Another argument for flipping is from the perspective of instructors who want to include more active learning exercises in their classes, but worry they can’t find the class time. The flipped classroom approach gives these instructors a model for making more class time available for active learning.
How do you make sure students come to class prepared? Our colleagues in the humanities have for years (decades even) asked students to “do the reading” before class so that they can discuss the reading during class. However, these colleagues also frequently complain that students don’t actually do the reading. The flipped classroom doesn’t work if students don’t come prepared. Most flipped classroom practitioners use two approaches in tandem: (a) giving students in-class or online reading quizzes (usually with at least some participation points on the line) and (b) actually teaching class as if students had done the reading. If students know they’ll get a recap of the pre-class work from their instructor when they arrive in class, they’ll be less inclined to do the readings or watch the videos. They’re busy people, these students, and they’ll save time where they can.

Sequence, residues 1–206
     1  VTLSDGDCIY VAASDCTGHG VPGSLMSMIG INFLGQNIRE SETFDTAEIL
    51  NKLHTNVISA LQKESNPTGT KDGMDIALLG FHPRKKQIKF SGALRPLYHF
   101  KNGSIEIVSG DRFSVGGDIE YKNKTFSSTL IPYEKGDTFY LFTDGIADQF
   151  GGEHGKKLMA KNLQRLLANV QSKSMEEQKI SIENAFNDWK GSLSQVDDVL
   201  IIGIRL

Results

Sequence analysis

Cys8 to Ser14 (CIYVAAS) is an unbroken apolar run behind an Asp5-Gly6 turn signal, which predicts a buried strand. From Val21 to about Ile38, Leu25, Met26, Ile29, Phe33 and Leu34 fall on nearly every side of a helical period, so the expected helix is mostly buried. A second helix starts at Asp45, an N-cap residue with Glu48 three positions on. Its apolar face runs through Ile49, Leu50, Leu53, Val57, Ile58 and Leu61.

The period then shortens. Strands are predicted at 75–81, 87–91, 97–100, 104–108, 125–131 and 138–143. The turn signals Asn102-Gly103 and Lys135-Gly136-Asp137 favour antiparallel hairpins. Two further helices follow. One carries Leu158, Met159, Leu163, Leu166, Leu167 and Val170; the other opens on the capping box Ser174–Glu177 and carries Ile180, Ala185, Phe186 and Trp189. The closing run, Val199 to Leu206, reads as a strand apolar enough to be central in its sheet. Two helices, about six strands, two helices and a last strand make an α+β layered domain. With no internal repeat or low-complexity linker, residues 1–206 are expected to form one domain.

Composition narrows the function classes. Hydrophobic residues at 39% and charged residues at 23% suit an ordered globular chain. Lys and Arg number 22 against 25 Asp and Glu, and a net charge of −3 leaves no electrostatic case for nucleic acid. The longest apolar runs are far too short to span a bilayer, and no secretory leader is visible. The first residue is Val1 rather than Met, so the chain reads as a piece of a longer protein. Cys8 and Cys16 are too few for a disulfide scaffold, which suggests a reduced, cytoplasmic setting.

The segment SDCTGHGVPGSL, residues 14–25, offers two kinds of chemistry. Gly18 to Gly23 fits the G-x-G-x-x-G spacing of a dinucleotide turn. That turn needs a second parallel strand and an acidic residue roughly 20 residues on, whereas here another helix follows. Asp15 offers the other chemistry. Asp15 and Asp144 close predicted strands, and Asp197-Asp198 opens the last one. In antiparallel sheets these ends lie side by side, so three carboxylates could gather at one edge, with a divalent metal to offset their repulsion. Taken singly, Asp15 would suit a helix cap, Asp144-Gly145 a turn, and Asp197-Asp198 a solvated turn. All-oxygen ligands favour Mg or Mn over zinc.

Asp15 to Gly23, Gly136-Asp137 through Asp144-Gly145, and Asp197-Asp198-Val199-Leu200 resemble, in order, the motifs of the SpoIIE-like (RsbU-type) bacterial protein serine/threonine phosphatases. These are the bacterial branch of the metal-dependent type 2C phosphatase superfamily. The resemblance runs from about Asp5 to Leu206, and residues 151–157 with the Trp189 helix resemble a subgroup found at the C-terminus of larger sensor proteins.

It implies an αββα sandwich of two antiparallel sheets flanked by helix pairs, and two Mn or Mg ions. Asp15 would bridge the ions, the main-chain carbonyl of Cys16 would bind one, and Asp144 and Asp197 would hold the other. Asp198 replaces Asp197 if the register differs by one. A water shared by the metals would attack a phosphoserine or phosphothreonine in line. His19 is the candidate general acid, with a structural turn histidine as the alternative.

What technology is required to flip one’s classroom? None, really. At least nothing we usually think of as technology. I’ve been flipping my math classes for years by having my students read their textbooks before class. Many flipped classroom practitioners, however, prefer to have their students watch videos before class, either videos they create themselves or ones they find online (such as videos from the Khan Academy or MIT’s OpenCourseWare or from a MOOC platform like Coursera). The main idea is to give your students a first exposure to the day’s topic that sets them up for deeper learning during class. I’m also a fan of online reading quizzes to hold students accountable for the pre-class assignments, and that requires some technology, too, of course.